Therapeutic and 'dose-dependent' effect of repetitive microelectroshock induced by transcranial magnetic stimulation in Parkinson's disease

J. Málly, T. W. Stone

Research output: Contribution to journalArticle

78 Citations (Scopus)

Abstract

Transcranial magnetic stimulation (TMS) has been used in the diagnosis of neurological lesions and has been introduced into the therapy of central nervous diseases. Lately it has been claimed that TMS would be useful not only in the treatment of depression, but also in relieving symptoms of Parkinson's disease. In this study, we sought evidence of the effect of repetitive TMS on the symptoms of Parkinson's disease, the dose dependency between the applied electromagnetic field and the Parkinsonian symptoms, and the maintenance of the improvement. Forty-nine patients with Parkinson's disease were divided into four groups, each given one stimulus, repeated 30 times, once or twice a day (~0.34Tesla (T), ~0.57T, ~0.80T). Patients were followed for 3 months and assessed using two different parkinsonian scales: the graded clinical rating scale and Unified Parkinson Disability Rating Scale (UPDRS), and with a short-term memory test (Ziehen-Ranschburg word pair test). No effect was seen in the group treated with ~0.34T/30 stimuli once a day. In all of the groups receiving TMS twice a day, the parkinsonian scores were significantly decreased compared with that of baselines after 1 month of treatment. The greatest improvement in the hypokinesia was detected in the group treated with ~0.57T/30 stimuli twice a day (baseline total UPDRS: 30.62 ± 15.23; 1 month after treatment: 17.08 ± 7.04, P <0.01; 3 months after treatment: 16.08 ± 7.06, P <0.01). A dose-dependent difference was observed between the two groups after 3 months. The total UPDRS in Group II (~0.34T/30 stimuli twice a day) significantly differed from Group III (~0.57T/30 stimuli twice a day; 22.43 ± 8.87, 16.08 ± 7.06, P <0.05). The long-lasting improvement effect with TMS would seem to suggest it as an appropriate tool in the therapy of Parkinson's disease.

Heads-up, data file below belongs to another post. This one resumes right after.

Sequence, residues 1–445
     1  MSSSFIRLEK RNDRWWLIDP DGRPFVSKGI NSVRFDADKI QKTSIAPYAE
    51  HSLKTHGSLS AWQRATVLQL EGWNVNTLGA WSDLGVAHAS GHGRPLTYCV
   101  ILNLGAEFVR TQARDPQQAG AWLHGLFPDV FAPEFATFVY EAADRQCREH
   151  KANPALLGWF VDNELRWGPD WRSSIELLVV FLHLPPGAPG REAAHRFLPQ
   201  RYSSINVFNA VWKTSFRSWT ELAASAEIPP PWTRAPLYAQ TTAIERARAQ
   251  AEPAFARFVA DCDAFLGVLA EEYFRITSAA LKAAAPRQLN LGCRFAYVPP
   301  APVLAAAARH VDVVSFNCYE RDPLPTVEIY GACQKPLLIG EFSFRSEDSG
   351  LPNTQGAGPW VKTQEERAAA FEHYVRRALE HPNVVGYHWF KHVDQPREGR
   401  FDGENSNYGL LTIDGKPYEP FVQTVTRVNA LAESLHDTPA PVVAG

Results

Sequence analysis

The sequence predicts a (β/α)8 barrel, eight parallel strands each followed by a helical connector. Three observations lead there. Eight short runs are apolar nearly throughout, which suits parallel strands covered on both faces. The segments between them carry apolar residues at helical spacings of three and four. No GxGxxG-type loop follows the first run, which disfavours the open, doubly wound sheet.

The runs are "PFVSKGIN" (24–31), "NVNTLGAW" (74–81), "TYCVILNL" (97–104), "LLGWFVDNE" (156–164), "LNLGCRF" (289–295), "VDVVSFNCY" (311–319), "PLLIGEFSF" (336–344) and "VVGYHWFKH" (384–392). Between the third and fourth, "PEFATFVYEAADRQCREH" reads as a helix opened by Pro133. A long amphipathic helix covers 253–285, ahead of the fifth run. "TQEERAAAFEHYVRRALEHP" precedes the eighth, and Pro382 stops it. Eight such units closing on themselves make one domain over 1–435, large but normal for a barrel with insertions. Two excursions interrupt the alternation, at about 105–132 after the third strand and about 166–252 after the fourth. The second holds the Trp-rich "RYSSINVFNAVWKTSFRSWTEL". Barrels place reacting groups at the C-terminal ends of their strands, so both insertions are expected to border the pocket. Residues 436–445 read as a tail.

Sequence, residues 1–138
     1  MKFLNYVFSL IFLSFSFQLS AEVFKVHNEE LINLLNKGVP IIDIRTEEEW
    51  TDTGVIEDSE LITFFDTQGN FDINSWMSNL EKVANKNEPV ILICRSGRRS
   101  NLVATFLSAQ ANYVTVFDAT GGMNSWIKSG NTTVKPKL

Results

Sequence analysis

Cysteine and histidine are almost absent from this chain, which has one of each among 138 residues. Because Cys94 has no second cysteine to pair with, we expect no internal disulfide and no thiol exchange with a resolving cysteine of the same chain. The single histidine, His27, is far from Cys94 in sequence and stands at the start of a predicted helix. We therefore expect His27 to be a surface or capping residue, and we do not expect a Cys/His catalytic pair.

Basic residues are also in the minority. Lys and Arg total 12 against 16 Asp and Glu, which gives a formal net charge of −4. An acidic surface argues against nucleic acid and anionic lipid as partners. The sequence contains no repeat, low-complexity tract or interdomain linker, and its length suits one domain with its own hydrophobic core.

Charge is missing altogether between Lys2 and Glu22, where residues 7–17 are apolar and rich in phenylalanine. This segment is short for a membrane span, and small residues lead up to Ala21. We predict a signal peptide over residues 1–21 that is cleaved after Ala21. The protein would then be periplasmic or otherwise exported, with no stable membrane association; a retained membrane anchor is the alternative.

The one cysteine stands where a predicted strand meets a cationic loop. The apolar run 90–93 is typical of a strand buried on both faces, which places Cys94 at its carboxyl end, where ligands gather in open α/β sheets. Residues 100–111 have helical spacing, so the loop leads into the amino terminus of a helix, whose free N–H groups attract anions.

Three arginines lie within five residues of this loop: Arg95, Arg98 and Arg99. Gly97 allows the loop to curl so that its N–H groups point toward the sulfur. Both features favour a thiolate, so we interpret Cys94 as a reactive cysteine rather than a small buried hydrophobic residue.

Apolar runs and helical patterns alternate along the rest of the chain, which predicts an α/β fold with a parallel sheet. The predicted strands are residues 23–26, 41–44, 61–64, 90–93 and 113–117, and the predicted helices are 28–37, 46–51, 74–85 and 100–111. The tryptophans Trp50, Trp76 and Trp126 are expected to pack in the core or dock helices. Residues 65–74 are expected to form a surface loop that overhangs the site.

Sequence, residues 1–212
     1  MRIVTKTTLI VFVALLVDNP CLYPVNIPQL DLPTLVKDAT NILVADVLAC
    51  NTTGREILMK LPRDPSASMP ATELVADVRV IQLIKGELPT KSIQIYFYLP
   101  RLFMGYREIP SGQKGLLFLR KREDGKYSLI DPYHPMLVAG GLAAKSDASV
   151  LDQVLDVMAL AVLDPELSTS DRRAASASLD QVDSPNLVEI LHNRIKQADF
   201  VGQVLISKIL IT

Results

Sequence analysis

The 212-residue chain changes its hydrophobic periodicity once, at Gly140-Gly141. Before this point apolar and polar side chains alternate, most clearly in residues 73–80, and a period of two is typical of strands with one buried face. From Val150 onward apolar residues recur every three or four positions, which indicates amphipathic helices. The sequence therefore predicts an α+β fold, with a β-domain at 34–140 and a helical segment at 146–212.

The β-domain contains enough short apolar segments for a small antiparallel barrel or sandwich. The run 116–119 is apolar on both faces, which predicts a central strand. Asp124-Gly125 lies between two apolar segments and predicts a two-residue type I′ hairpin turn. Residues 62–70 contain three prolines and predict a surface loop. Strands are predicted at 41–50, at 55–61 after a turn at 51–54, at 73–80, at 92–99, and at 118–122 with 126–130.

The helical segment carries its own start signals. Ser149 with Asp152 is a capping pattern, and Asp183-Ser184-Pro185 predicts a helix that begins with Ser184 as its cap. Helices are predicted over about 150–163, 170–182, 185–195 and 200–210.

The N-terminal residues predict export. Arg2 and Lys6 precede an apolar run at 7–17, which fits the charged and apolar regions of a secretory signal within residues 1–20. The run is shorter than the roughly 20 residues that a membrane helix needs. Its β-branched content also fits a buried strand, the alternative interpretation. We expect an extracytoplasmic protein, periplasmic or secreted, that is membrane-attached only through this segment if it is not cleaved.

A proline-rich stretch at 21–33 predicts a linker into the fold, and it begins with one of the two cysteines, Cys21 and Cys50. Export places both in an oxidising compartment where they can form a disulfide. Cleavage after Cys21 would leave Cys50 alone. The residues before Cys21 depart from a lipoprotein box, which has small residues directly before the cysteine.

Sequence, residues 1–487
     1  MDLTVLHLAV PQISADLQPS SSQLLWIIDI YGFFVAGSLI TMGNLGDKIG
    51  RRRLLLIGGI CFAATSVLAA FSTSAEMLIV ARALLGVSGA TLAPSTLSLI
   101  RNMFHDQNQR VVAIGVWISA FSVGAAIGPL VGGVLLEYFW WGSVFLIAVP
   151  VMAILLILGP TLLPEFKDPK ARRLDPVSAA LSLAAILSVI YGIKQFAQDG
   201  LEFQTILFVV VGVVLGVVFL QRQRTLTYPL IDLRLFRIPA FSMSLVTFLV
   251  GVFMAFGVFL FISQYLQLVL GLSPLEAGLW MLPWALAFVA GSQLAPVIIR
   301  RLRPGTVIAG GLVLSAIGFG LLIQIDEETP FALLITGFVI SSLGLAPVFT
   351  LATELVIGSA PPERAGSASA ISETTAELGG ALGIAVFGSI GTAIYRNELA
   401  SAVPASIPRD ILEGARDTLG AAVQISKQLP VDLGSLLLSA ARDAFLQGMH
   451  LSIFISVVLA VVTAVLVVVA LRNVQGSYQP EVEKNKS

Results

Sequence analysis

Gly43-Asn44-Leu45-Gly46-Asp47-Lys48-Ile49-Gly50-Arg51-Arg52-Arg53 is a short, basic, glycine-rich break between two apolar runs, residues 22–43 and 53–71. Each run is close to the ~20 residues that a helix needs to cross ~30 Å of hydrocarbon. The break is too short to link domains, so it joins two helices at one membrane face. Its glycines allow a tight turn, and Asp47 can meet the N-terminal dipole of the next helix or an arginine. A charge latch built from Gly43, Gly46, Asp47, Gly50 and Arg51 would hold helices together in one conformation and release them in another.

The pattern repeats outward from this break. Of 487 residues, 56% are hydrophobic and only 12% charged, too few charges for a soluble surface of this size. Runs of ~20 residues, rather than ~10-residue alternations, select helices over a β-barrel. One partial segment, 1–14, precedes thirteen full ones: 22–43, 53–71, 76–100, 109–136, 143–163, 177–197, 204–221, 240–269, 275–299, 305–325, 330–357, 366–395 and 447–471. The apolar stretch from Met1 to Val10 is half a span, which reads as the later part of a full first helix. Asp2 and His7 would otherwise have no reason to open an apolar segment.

Original languageEnglish
Pages (from-to)935-940
Number of pages6
JournalJournal of Neuroscience Research
Volume57
Issue number6
DOIs
Publication statusPublished - Sep 15 1999

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Transcranial Magnetic Stimulation
Parkinson Disease
Therapeutics
Hypokinesia
Electromagnetic Fields
Short-Term Memory
Maintenance
Depression

Keywords

  • Parkinson's disease
  • Transcranial magnetic stimulation
  • Treatment of Parkinson's disease

ASJC Scopus subject areas

  • Neuroscience(all)

Cite this

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abstract = "Transcranial magnetic stimulation (TMS) has been used in the diagnosis of neurological lesions and has been introduced into the therapy of central nervous diseases. Lately it has been claimed that TMS would be useful not only in the treatment of depression, but also in relieving symptoms of Parkinson's disease. In this study, we sought evidence of the effect of repetitive TMS on the symptoms of Parkinson's disease, the dose dependency between the applied electromagnetic field and the Parkinsonian symptoms, and the maintenance of the improvement. Forty-nine patients with Parkinson's disease were divided into four groups, each given one stimulus, repeated 30 times, once or twice a day (~0.34Tesla (T), ~0.57T, ~0.80T). Patients were followed for 3 months and assessed using two different parkinsonian scales: the graded clinical rating scale and Unified Parkinson Disability Rating Scale (UPDRS), and with a short-term memory test (Ziehen-Ranschburg word pair test). No effect was seen in the group treated with ~0.34T/30 stimuli once a day. In all of the groups receiving TMS twice a day, the parkinsonian scores were significantly decreased compared with that of baselines after 1 month of treatment. The greatest improvement in the hypokinesia was detected in the group treated with ~0.57T/30 stimuli twice a day (baseline total UPDRS: 30.62 ± 15.23; 1 month after treatment: 17.08 ± 7.04, P <0.01; 3 months after treatment: 16.08 ± 7.06, P <0.01). A dose-dependent difference was observed between the two groups after 3 months. The total UPDRS in Group II (~0.34T/30 stimuli twice a day) significantly differed from Group III (~0.57T/30 stimuli twice a day; 22.43 ± 8.87, 16.08 ± 7.06, P <0.05). The long-lasting improvement effect with TMS would seem to suggest it as an appropriate tool in the therapy of Parkinson's disease.",
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